USC Women in Architecture
USC Women in Architecture
On March 25, a group of USC School of Architecture alumnae ranging from the ‘60s through the late ‘90s gathered for the final “100-year” event: a panel discussion titled “USC Women in Architecture.” The panel presented the legacy of women at the School of Architecture and how alumnae have gone on to impact the profession across a spectrum of career paths including working in large corporate firms, running their own practices, or in related fields such as heritage conservation.
The panel was introduced by Trudi Sandmeier, Director, Heritage Conservation and moderated by Ruth Wallach (MHC 2013), Director of Arts and Humanities Libraries. Panelists included:
Ena Dubnoff (B.Arch. 1960), founder of Ena Dubnoff Architects and founding partner of ONE Company, a partnership of four women focused on developing affordable housing.
Therese M. Gain (B.S. Arch. 1974), Director of Facilities for the Fremont Unified School District.
Christine M. Lampert, AIA, NCARB (B.S. Arch. 1974), founder and principal of Lampert Dias Architects, Inc, and Senior Associate Director of Architecture for Hong Kong-based UDP International LLC, an international master planning firm.
Kelly Sutherlin McLeod, FAIA (B.Arch. 1983), founder of Kelly Southerlin McLeod Architecture, Inc.
Jenna Knudsen, AIA, LEED AP BD+C (B.Arch. 1997), associate principal with CO Architects.
The panelists, while sharing their own unique educational experiences and professional trajectories, perfectly symbolized the changing dynamics in the profession that have occurred over the past decades. Though significant progress has been made (more women entering the profession, achieving leadership positions, starting their own firms, or succeeding in alternative career tracks like heritage conservation), they all shared stories of challenges they had to overcome in an historically male-dominated profession.
When asked if architecture school prepared them for the challenges of the workplace, Dubnoff responded, “I was prepared in every way but politically. As a woman you just didn’t get mentored like the men.” In Lampert’s view, school can only do so much. “Architecture is still based on an apprenticeship system,” she said. “One thing USC did very well was prepare us to be leaders.” While all the women on the panel have achieved leadership positions in the field, statistically they are part of a minority.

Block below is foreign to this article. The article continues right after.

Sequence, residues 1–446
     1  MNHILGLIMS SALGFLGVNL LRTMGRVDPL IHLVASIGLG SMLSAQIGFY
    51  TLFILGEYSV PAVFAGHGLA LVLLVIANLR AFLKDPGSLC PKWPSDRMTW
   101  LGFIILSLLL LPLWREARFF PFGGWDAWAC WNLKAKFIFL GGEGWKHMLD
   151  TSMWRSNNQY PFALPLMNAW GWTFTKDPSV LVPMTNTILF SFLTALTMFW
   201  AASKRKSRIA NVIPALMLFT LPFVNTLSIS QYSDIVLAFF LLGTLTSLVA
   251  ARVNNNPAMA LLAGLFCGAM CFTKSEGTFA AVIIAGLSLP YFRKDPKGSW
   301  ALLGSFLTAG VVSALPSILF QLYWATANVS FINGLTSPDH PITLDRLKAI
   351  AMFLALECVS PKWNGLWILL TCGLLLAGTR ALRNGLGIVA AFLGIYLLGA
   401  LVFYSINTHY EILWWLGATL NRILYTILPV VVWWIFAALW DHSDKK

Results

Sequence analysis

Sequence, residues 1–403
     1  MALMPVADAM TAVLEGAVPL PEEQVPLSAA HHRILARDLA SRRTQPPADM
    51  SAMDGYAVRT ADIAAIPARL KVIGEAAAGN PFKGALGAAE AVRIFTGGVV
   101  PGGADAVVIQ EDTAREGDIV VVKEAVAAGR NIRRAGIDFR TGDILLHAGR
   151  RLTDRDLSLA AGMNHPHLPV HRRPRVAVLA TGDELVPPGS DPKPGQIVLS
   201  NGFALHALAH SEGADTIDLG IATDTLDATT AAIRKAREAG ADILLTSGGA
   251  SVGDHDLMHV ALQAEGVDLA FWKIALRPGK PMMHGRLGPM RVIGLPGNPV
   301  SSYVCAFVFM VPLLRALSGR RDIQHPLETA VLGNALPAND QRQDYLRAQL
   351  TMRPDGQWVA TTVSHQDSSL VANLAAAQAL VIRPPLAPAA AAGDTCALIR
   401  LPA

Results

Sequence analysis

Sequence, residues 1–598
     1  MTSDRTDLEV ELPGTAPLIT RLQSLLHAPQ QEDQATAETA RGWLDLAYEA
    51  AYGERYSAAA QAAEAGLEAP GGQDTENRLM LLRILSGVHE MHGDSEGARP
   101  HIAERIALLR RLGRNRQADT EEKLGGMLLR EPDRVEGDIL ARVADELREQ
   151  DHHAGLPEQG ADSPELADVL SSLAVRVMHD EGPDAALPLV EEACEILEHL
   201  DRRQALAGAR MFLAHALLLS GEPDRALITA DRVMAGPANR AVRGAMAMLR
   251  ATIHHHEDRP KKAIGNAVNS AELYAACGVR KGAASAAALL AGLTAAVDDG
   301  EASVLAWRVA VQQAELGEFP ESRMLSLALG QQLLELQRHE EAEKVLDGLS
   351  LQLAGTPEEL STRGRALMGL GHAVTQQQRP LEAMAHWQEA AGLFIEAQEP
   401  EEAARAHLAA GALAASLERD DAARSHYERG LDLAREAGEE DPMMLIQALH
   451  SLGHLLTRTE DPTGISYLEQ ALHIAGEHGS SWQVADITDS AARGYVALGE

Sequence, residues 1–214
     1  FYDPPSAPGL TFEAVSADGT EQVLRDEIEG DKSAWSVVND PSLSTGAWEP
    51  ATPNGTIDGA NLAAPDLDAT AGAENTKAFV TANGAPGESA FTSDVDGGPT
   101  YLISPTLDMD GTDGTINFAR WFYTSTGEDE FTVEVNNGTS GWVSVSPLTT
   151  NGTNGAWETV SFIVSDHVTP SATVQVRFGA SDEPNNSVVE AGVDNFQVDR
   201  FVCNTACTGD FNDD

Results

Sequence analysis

A 2014 article published by the ACSA, “Where are the Women?: Measuring Progress on Gender in Architecture,” citing statistics from NAAB, NCARB, the AIA, and the Bureau of Labor Statistics, painted a clear picture of gender imbalance in the profession. Despite the rising numbers of women entering architecture schools and making up 42 percent of recent architecture school graduates, the numbers drop off dramatically when looking at positions of leadership and receiving top honors such as AIA Awards and the Pritzker Prize. Despite accounting for nearly half of all graduates, women make up a mere 15-18 percent of all AIA members, licensed architects, and senior firm leadership. Moreover, between 2010-2014, men received 82 percent of top awards, while their female counterparts received 18 percent.
“When I graduated and started working, the ratio between men and women seemed pretty equal,” said Knudson. “But as I’ve risen through the ranks, you see fewer and fewer women.” She added that The Missing 32% statistics were “sobering” and that they have sparked an on-going discussion about gender. “Firms are now looking at how they create leaders,” she says.
The Missing 32% Project is, according to their mission statement, “a call to action for both women and men to realize the goal of equitable practice, advance architecture, sustain the profession and communicate the value of design to society. Our mission is to understand the pinch points and promote the strategic execution of best practices in the recruitment, retention, and promotion of our profession's best talent at every level of architectural practice.”
This discussion of gender in architecture has not only propelled the issue of women in leadership roles, but has also advanced the discussion on work-life balance in a profession known for its all-consuming demands and long hours.
When the conversation turned to “pinch points,” those critical career and life milestones at which women are more likely to leave the profession (licensure, promotions, having children), the responses were varied. “I solved the problem by not going the corporate route and starting my own firm,” said Lampert. Dubnoff made the decision not to have children. “I didn’t have to follow the money and had the freedom to do a lot of different types of work,” she said. “I’m navigating a pinch point right now,” said Knudson, who recently became a mother and now has to find a balance with her demanding responsibilities as an associate principal. She noted that her husband, who is also an architect, is also struggling along with her.
“It’s not just a problem for women,” said Lampert. “This is about men, too. We need to promote balanced lives and all sorts of diversity. Diversity makes things more interesting and maybe more profitable.” She adds that in her firm they encourage people to spend time with family. “In corporate architecture, I couldn’t talk about my children,” she said. McLeod added that she tries to lead by example in her twelve-person firm. Having started her practice before having children, she had the advantage of being able to bring her kids to the office. “In our office we talk about family and having lives outside of work.”
“People need more support to achieve this balance,” said Dubnoff. And while it is true, as McLeod noted, that “We all have a lot of balancing to do,” the pinch points still disproportionately impact women. This is the challenge moving forward. “We still have a long way to go,” stated Lampert.